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The Capitol Riots and a Tale of Two U.S. Government Coup Attempts

NNPA NEWSWIRE — After fanning false and racist beliefs that the newly elected government would promote a Black uprising, upend their way of life, endanger white women, and bring about an unfathomable new American reality in which Black men – not white – governed, white leaders pledged harm.



Trump supporters gather outside the Capitol on Jan. 6 as Congress prepares to affirm President-elect Joe Biden's victory. (Anthony Tilghman/The Washington Informer)

By Stacy M. Brown, NNPA Newswire Senior National Correspondent

A group of white vigilantes – angry and fearful over the newly elected government – joined forces with area militias to rain terror.

After fanning false and racist beliefs that the newly elected government would promote a Black uprising, upend their way of life, endanger white women, and bring about an unfathomable new American reality in which Black men – not white – governed, white leaders pledged harm.

No, this does not describe the President Donald Trump-inspired mob that left behind so much death and destruction at the U.S. Capitol on Jan. 6. 

It is a description of what the History Channel labeled as the only successful coup d’état ever in the United States.

Those actions occurred in 1898 in Wilmington, North Carolina, and counts as a story of racial terror that had primarily been obscured from the annals of American history.

According to the History Channel, white city leaders pledged to “choke the current of the Cape Fear with carcasses” rather than allow for Black advancement.

“When the carnage ended, more than 100 Black government officials—city councilmen, the city clerk, the treasurer, the city attorney, and others—had been forced from their elected roles. Somewhere between 60 and 250 Black citizens were murdered,” History reported.

“After the coup, for which no one was ever prosecuted or punished, more than 100,000 registered Black voters fled the city. No Black citizen would again serve in public office for three-quarters of a century.”

“It is exactly what went on [Jan. 6],” pronounced Arianna Jones, a Washington, D.C. resident. 

She noted that she lives only blocks from the Capitol and saw much of the mob that rummaged through federal lawmakers’ offices and desecrated a sacred government building.

“President Trump incited his followers to attempt a coup. He wanted them to end the counting of the Electoral College votes, somehow stop [President-elect] Joe Biden and Vice President-elect Kamala Harris, a Black woman, from taking control of the government,” Jones determined.

Trump and his supporters’ attempts have failed miserably and with deadly consequences.

On Sunday, Jan. 10, Capitol Police officials announced that Officer Howard Liebengood died following the insurrection. Multiple reports alleged that Liebengood, 51, committed suicide. 

Earlier, Officer Brian Sicknick died from injuries sustained during the riot. His death is being investigated as a homicide. 

Trump supporter Ashli Babbit, a military veteran, was shot and killed during the riot by Capitol police, and three other individuals died after suffering what authorities called “medical emergencies.”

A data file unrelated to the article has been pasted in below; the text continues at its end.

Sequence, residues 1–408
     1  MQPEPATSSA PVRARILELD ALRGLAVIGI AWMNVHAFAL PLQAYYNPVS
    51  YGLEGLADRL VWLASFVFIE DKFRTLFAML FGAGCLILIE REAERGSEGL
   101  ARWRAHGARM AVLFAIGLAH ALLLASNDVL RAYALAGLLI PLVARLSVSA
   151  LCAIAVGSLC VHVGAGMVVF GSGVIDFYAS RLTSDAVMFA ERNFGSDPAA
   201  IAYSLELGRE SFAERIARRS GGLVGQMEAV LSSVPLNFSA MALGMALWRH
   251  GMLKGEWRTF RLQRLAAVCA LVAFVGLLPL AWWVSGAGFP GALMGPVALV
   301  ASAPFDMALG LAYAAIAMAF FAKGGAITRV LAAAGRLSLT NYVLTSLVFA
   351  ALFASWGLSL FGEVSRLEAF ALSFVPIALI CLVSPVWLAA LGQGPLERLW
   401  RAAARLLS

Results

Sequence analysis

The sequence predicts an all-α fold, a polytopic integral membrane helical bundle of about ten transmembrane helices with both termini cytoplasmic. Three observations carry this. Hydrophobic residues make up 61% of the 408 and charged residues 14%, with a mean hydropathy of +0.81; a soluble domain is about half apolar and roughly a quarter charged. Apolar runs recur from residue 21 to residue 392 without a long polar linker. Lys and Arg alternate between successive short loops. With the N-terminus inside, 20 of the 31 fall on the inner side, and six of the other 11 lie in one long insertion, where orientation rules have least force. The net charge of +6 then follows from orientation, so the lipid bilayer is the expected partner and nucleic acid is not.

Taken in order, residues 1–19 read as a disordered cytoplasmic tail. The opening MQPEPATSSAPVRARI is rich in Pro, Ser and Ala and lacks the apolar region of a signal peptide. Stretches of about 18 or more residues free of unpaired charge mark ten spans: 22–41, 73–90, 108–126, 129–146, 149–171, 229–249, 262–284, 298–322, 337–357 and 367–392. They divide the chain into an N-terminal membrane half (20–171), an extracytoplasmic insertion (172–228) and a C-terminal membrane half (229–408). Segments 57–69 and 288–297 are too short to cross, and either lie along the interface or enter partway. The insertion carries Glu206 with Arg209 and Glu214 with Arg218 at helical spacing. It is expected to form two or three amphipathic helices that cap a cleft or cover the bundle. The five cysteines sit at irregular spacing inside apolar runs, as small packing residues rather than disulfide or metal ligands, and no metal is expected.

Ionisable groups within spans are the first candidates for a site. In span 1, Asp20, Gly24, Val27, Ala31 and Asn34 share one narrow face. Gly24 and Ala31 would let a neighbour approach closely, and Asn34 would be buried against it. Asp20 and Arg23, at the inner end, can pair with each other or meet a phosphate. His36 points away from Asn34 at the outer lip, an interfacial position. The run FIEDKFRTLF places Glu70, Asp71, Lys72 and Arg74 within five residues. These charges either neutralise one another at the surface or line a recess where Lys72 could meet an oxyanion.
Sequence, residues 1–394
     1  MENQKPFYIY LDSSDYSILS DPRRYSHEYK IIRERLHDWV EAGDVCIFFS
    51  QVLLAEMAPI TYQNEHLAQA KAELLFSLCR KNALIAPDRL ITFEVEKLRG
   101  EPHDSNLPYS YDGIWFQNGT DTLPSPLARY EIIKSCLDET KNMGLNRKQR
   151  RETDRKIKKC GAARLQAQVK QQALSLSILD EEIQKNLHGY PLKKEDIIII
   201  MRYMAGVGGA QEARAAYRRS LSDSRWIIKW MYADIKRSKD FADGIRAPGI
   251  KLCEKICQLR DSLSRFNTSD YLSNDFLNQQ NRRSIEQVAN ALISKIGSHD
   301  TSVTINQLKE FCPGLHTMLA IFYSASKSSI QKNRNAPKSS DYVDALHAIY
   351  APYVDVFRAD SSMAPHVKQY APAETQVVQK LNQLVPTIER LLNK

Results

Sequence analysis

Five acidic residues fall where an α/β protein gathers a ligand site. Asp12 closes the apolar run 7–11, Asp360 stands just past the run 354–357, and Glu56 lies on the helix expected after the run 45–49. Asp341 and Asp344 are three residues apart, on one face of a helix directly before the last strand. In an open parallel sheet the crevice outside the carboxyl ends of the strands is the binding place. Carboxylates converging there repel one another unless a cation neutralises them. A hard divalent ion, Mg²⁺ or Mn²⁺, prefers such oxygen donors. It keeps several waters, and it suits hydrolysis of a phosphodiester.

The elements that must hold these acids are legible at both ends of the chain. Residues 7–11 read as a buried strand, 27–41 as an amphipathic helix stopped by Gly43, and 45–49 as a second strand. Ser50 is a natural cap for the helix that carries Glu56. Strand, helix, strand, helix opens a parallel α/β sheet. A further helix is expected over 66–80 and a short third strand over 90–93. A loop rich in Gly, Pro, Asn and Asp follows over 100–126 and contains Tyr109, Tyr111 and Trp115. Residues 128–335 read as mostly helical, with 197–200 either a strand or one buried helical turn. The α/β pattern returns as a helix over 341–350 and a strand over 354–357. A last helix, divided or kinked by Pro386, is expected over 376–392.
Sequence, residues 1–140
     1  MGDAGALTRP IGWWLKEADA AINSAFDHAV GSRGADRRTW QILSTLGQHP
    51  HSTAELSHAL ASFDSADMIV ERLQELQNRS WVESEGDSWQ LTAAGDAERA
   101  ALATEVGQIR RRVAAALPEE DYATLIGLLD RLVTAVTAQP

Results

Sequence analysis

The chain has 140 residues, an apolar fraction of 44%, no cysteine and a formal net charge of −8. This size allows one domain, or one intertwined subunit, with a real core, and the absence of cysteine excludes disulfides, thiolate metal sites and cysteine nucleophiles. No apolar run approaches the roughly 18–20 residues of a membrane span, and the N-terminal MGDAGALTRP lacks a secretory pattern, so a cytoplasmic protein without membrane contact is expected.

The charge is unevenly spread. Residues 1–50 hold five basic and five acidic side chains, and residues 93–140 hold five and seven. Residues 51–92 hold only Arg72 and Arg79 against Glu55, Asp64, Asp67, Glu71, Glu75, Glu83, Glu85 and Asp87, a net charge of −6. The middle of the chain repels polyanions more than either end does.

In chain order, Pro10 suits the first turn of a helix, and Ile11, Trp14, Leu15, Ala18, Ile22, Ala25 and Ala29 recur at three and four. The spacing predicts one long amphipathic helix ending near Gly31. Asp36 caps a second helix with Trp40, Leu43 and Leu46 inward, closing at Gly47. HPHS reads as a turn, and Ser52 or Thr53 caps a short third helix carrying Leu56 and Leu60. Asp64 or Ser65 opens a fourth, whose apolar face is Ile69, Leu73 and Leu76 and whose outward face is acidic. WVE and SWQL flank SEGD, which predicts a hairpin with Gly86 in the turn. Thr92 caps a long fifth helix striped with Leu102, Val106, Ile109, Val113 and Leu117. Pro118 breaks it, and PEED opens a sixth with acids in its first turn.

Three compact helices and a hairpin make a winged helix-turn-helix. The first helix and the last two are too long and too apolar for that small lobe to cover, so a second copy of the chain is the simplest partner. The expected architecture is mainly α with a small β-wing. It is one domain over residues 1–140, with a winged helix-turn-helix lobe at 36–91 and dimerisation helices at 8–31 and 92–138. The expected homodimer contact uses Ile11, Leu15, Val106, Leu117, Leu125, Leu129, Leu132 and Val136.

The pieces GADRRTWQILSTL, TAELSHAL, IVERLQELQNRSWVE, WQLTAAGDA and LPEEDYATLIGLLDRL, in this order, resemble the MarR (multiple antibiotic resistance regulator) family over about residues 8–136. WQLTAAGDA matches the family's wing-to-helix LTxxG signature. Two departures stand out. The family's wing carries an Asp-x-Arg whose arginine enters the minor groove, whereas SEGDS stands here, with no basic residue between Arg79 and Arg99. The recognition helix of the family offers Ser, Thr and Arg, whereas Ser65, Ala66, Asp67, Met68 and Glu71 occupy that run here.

Trump, who has been suspended from no less than a dozen social media and other platforms, helped incite the coup attempt.

At a rally just before the riot, Trump urged his supporters to “show them you’re angry,” and that they wouldn’t be able to “take back our country with weakness.”

The President’s lawyer, Rudy Giuliani, called for “a trial by combat” against lawmakers who were certifying the Electoral College votes.

Trump’s son warned, “we’re coming for you.”

“To those Republicans, many of which may be voting on things in the coming hours: You have an opportunity today,” Donald Trump Jr., shouted during the pre-riot rally dubbed, “Save America.”

“The whole world is watching,” Trump Jr. exclaimed. “These guys better fight for Trump. Because if they’re not, guess what? I’m going to be in your backyard in a couple of months.” 

However, Democrats who now control both Congress chambers, have drafted articles of impeachment against the President.

Many in Trump’s top staff and cabinet have jumped ship, resigning out of shame by the act of domestic terrorism inspired by the President. 

And, some Republicans have pronounced that they have had enough.

Sen. Pat Toomey (R-Pa.) told CNN that Trump should resign from office.

Toomey added that Trump could face criminal liability after the deadly insurrection. “I’m not optimistic it will happen. But I think that would be the best way forward,” Toomey stated.

Earlier, Alaska Republican Sen. Lisa Murkowski proclaimed, “I want him out. He has caused enough damage.”

In 1898, Wilmington officials feared the loss of white supremacy and formulated a multi-pronged strategy to retake power and strip Black citizens of their political and economic agency, the History Channel reported.

That coup worked. One hundred and twenty-two years later, Trump’s attempt miserably failed but will have lasting effects and significant consequences.

 “I’ve never seen anyone be able to breach the Capitol like this,” Congresswoman Karen Bass (D-Calif.) stated. “The President of the United States incited this riot, and someone needs to go over to Pennsylvania Avenue and arrest him.”

A Little About Me: I'm the co-author of Blind Faith: The Miraculous Journey of Lula Hardaway and her son, Stevie Wonder (Simon & Schuster) and Michael Jackson: The Man Behind The Mask, An Insider's Account of the King of Pop (Select Books Publishing, Inc.) My work can often be found in the Washington Informer, Baltimore Times, Philadelphia Tribune, Pocono Record, the New York Post, and Black Press USA.


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